The Florida Piney Point phosphate plant in Manatee county has been releasing 202 million gallons of wastewater into Tampa Bay since the risk of collapse of the holding reservoir became international news due to a risk of major collapse with flood walls of over twenty feet predicted to inundate local communities and into the marine environment around Tampa. Fifty million gallons of poisoned water per day had been released into Tampa Bay since discovering the breach; now, five million gallons of treated wastewater are being released into the sea daily, says the Florida EPA. There have been no reports of fish kills but, nutrient levels in the bay are still pending.

Larry Brand writes in The Conversation:

Millions of gallons of water laced with fertilizer ingredients are being pumped into Florida’s Tampa Bay from a leaking reservoir at an abandoned phosphate plant at Piney Point. As the water spreads into the bay, it carries phosphorus and nitrogen – nutrients that under the right conditions can fuel dangerous algae blooms that can suffocate sea grass beds and kill fish, dolphins and manatees.

It’s the kind of experiment no one wants to see, but officials believed the other options were worse.

About 300 homes sit downstream from the 480-million-gallon reservoir, which began leaking in late March 2021. State officials determined that pumping out the water was the only way to prevent the reservoir’s walls from collapsing. They decided the safest location for all that water would be out through Port Manatee and into the bay.

Florida’s coast is dotted with fragile marine sanctuaries and sea grass beds that help nurture the state’s thriving marine and tourism economy. Those near Port Manatee now face a risk of algal blooms over the next few weeks. Once algae blooms get started, little can be done to clean them up.

That is just one of a couple of ecological crises unfolding in Ron Desantis’s Florida. Attention has now shifted to the Atlantic coast of Florida and the counties south of Tampa for this blogger because the personification of GOP governance under Rick Scott is soon to have a new face of incompetence and greed, the current sitting governor, Ron Desantis.

But first, I can’t neglect to point out that Manatees have been dying in droves on the Florida east coast in the last few months, particularly the Indian River Lagoon at Cape Canaveral National Seashore and NASA’S Kennedy Space Center. The lagoon consists of three lagoons in total, Mosquito Lagoon, the Banana River, and the Indian River, all of which are recognized as one of the most important estuaries in the northern hemisphere.

To tell the story, we have to go back to 2017 when conservationists watched in horror as environmental rules and regulations protecting wildlife, habitat, and the climate eviscerated. New regulations put in place by fossil fuel, sugar, land developer, mining industries et al. who wrote and implemented their nonscience based rules and regulations that would haunt the earth for four devastating years and continues to this very day.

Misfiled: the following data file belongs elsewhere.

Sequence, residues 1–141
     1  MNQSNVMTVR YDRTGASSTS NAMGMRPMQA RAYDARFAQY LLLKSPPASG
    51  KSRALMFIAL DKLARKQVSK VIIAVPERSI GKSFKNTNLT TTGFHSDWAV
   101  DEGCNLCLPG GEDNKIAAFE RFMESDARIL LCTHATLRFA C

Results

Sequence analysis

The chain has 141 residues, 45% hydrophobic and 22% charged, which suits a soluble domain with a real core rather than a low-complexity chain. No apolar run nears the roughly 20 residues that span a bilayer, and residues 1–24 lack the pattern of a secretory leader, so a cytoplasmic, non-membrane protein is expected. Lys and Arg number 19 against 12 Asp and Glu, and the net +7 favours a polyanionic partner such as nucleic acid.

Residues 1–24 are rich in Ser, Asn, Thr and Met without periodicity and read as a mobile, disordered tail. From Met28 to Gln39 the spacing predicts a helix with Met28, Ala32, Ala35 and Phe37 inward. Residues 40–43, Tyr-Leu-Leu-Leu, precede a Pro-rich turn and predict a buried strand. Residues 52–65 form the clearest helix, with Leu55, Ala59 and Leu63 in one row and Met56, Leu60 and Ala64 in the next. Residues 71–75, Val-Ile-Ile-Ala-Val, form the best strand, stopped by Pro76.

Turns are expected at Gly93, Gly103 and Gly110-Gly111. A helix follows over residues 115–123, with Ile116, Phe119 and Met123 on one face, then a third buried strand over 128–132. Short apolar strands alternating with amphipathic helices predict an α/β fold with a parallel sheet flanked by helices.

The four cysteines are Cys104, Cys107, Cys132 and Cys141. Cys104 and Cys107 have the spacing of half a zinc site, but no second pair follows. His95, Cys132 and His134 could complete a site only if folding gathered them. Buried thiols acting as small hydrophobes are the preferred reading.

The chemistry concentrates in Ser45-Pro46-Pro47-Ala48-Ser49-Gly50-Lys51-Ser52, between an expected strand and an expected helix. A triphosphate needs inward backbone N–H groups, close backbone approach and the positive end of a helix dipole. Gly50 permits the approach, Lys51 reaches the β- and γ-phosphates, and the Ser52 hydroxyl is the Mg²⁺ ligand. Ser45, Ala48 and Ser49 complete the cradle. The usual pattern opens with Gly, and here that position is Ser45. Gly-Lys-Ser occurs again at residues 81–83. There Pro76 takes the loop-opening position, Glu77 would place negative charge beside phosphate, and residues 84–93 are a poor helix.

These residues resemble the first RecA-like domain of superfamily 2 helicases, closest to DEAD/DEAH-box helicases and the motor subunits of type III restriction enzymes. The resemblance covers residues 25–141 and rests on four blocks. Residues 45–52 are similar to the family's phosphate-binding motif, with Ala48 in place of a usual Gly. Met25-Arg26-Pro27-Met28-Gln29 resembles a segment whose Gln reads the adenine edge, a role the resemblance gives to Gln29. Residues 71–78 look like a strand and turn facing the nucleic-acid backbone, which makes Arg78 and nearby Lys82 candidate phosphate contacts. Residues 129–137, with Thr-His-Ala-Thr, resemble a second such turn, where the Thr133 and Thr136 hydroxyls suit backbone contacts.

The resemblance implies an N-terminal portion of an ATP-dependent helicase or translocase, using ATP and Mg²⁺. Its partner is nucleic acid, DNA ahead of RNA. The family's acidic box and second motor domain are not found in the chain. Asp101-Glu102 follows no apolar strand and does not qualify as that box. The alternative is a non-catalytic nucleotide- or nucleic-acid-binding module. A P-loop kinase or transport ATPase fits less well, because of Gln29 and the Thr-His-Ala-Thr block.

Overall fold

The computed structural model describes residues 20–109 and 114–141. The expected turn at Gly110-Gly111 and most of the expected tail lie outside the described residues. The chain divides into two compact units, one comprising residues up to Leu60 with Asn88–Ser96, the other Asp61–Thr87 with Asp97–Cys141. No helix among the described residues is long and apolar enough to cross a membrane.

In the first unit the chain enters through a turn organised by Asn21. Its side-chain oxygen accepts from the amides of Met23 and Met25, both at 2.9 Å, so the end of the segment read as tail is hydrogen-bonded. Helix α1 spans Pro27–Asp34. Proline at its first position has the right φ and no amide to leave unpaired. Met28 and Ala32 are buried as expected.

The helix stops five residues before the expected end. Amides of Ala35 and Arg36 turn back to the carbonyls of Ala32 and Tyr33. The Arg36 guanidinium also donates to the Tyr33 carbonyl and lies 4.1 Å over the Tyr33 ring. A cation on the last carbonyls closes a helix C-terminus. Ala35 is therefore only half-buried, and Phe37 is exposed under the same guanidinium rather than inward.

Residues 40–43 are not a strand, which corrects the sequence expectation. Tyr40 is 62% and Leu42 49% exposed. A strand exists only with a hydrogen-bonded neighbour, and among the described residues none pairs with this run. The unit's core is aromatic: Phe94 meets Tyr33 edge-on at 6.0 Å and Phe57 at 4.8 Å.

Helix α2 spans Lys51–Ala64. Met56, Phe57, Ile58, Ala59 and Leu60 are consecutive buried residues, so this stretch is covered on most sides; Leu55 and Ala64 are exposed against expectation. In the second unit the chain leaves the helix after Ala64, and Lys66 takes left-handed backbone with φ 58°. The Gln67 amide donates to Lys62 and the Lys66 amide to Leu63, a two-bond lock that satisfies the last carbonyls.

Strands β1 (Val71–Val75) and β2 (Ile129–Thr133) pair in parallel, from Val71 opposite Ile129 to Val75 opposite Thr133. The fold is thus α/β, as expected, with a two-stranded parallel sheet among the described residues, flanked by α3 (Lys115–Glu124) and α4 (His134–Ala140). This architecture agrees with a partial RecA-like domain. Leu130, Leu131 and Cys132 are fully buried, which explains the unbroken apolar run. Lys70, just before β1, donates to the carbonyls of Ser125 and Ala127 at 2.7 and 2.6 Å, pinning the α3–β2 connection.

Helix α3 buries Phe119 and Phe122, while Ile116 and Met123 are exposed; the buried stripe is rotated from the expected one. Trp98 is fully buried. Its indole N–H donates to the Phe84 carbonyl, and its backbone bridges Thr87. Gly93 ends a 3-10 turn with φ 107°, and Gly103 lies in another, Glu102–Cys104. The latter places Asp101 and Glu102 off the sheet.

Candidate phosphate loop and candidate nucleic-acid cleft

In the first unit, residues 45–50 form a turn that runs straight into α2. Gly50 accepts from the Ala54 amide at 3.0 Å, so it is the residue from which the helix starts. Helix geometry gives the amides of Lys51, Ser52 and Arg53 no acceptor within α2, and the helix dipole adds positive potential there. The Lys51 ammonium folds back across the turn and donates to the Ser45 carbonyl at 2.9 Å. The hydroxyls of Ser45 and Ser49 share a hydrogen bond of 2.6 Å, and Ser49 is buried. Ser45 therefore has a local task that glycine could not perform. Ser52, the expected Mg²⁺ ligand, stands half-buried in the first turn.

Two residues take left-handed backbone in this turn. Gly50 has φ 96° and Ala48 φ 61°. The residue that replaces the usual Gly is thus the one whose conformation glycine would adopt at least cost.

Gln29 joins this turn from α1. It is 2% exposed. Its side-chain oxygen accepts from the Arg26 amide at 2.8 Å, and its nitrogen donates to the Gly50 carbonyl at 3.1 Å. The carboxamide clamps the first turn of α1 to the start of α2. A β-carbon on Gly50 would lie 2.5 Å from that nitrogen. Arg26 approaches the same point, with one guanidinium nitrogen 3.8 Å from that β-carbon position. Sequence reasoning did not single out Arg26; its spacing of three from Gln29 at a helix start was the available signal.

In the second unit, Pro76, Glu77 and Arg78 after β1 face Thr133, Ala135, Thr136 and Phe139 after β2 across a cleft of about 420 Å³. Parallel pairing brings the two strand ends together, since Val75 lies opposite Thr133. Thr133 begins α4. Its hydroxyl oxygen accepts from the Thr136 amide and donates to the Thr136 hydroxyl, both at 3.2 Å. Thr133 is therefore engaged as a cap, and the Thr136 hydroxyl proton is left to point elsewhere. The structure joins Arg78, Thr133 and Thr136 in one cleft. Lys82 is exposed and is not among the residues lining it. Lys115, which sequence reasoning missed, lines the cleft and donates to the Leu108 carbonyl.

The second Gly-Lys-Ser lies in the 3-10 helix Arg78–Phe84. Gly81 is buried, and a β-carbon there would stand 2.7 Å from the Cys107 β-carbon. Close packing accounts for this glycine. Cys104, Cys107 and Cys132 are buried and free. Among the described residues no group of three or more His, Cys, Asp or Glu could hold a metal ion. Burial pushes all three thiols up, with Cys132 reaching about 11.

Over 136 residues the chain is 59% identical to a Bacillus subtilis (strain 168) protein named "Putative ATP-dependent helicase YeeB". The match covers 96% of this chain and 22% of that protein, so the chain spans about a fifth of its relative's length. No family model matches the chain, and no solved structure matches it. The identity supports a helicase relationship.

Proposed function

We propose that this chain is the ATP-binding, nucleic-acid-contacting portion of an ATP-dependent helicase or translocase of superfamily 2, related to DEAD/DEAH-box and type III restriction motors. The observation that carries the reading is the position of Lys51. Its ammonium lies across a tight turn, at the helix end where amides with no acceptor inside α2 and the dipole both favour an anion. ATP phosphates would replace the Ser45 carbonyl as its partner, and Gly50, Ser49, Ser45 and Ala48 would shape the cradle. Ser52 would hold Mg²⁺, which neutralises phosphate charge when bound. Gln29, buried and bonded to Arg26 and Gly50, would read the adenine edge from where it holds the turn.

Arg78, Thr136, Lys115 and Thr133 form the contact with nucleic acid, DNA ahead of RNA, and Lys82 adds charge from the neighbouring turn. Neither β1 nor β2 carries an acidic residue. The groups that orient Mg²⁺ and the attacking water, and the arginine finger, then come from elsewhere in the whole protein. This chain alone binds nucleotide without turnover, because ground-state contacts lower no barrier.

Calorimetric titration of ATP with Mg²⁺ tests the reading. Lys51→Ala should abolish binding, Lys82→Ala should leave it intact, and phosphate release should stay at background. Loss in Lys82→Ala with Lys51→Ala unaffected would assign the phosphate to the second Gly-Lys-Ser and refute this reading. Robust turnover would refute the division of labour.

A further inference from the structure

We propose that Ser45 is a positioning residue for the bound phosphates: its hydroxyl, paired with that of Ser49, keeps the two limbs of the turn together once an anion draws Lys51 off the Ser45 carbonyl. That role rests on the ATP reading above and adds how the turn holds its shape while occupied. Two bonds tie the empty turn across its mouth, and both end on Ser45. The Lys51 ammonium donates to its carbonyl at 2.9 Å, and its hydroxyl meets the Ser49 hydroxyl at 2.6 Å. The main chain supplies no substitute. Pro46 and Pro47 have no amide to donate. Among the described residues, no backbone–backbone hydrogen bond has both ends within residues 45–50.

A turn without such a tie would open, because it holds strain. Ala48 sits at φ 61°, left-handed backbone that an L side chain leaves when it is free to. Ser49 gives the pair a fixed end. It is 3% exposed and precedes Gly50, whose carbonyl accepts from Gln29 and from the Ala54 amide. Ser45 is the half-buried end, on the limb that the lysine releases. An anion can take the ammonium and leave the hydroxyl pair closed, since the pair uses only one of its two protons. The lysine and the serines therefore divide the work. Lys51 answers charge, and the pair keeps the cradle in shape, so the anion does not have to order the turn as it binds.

Craig Pittman writes in the Florida Phoenix in early March.

Four years ago, a few months after the start of his administration, the U.S. Fish and Wildlife Service announced that manatees — which had been on the endangered list since the first endangered list was drawn up — were now doing much, much better.

In fact, the feds said, they were doing so well that they could be taken down a notch. Instead of “endangered,” they would be reclassified as “threatened.”

“While it is not out of the woods, we believe the manatee is no longer on the brink of extinction,” Larry Williams, head of the agency’s South Florida office, said during a news conference that day in March 2017. (Ironically, the agency announced this step the day after celebrating “Manatee Appreciation Day” on social media.)

The feds promised that no one would even notice the change. They promised that manatees, Florida’s official marine mammal, would still get the same level of protection they had enjoyed before.

Fast forward to this month. Over the past couple of weeks, headlines have been trumpeting the fact that more than 400 manatees have died in just the first two months of the year, an alarming spike that’s well beyond what’s considered normal. As of March 5, the total was 435 and still climbing.

Such a spike, according to a Fort Myers News Press story, means we’re on pace for a year in which total deaths could top 2,000, or roughly a third of the total manatee population.

The most recent count I saw recently was 549 manatees dead.

Since 2009, 58 percent of the seagrass in the lagoon system has disappeared, killed off by excess fertilizer from people’s lawns, the stinky excess of leaking septic tanks, and other nutrient pollution that fueled repeated toxic algae blooms. Over the past decade, dolphins, pelicans, and yes, even manatees, have perished there as a result, and now it’s happening again.

“Environmental conditions in portions of the Indian River Lagoon remain a concern,” the state wildlife commission reported on its website. “Preliminary information indicates that a reduction in food availability is a contributing factor.”

In other words, so many thousands of acres of seagrass have been killed by human carelessness, stupidity and greed that the desperate manatees starved to death. The condition of the dead shows they were suffering from “severe malnutrition,” said Patrick Rose, longtime executive director of the Save the Manatee Club.

This wasn’t supposed to happen — at least, according to the federal wildlife agency in charge of protecting them.

  • April 9, 2021